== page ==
According to the FY 2017 summary, ASG collected $67.20 million in FY 2015 and $64.09 million in FY 2014. And Uelinitone pointed to these actual collection amounts that ASG achieved in FYs 2015 and 2014. He projects that ASG will collect the $66.5 million for FY 2016.

He said that based on two consecutive fiscal years (2015 & 2014) companies usually make their tax payments during in the last quarter of the fiscal year — which is July 1-Sept 30.

In addition, there are new companies opening up here such as Philippines based AVM Bernardo Engineering, building multipurpose food processing plant, that will be paying taxes in the last quarter.

“So we’re going to make the $67 million” in taxes, he said.

Responding to more questions from Magalei, the ASG Treasurer said the FY 2015 audit is completed and ASG has a surplus of $3.99 million. Some lawmakers requested a copy of the audit report.

Two questions surfaced during the hearing on what ASG is doing to attract new businesses to the territory to further increase corporate tax, and Tonumaipea said there are companies looking to American Samoa, including Datamatics Global Service Ltd. (which is looking to set up a call center in the territory).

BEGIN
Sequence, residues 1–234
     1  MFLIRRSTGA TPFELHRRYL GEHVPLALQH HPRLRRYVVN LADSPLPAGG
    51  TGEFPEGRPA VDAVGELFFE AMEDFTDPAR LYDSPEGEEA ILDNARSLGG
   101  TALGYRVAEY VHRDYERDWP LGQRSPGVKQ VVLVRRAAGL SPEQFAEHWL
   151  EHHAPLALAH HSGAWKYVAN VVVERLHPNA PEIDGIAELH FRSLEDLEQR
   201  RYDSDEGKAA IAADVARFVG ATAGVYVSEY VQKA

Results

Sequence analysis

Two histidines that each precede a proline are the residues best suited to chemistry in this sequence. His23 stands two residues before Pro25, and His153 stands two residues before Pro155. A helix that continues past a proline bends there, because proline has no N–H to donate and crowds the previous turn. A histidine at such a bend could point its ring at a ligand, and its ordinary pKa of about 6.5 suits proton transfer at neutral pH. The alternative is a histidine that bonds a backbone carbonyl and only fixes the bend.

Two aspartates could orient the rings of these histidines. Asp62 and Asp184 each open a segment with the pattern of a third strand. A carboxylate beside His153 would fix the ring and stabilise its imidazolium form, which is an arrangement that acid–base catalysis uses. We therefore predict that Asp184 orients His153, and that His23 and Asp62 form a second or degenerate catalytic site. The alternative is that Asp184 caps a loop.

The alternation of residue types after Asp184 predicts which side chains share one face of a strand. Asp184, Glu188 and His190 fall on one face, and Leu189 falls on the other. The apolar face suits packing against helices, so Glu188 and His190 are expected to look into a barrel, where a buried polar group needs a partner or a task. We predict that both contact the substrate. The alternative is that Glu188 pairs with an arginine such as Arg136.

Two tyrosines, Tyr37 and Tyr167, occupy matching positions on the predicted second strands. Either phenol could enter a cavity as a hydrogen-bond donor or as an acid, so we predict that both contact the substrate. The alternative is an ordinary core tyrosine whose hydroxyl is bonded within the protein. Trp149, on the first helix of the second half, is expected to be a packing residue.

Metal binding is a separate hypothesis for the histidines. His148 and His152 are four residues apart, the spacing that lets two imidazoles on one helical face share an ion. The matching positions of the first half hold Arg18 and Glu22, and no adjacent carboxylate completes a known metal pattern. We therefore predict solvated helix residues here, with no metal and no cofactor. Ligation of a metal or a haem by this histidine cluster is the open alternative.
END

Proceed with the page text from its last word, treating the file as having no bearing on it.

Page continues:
Senate President Gaoteote Tofau Palaie interjecting saying that questions should focus on the “big picture”, which is the FY 2017 budget before the committee, but not what’s in the future, because the FY 2017 budget deals with what revenues the government is able to collect in the new fiscal year.

Responding to another lawmaker’s question, Tonumaipea explained that just because the amount in the budget provides a certain figure for expenditures, that doesn’t mean the government, is going to spend that money.

He says ASG spending depends on what’s collected. And based on the current trend of revenue collections and expenditures, Tonumaipea is projecting a surplus of just over $2 million for FY 2016.

House Speaker Savali Talavou Ale asked about the huge decrease in Enterprise Fund for FY 2017 compared to FY 2016, and ASG witnesses told lawmakers that it deals with the 38% drop in the FY 2017 proposed budget for the American Samoa Power Authority.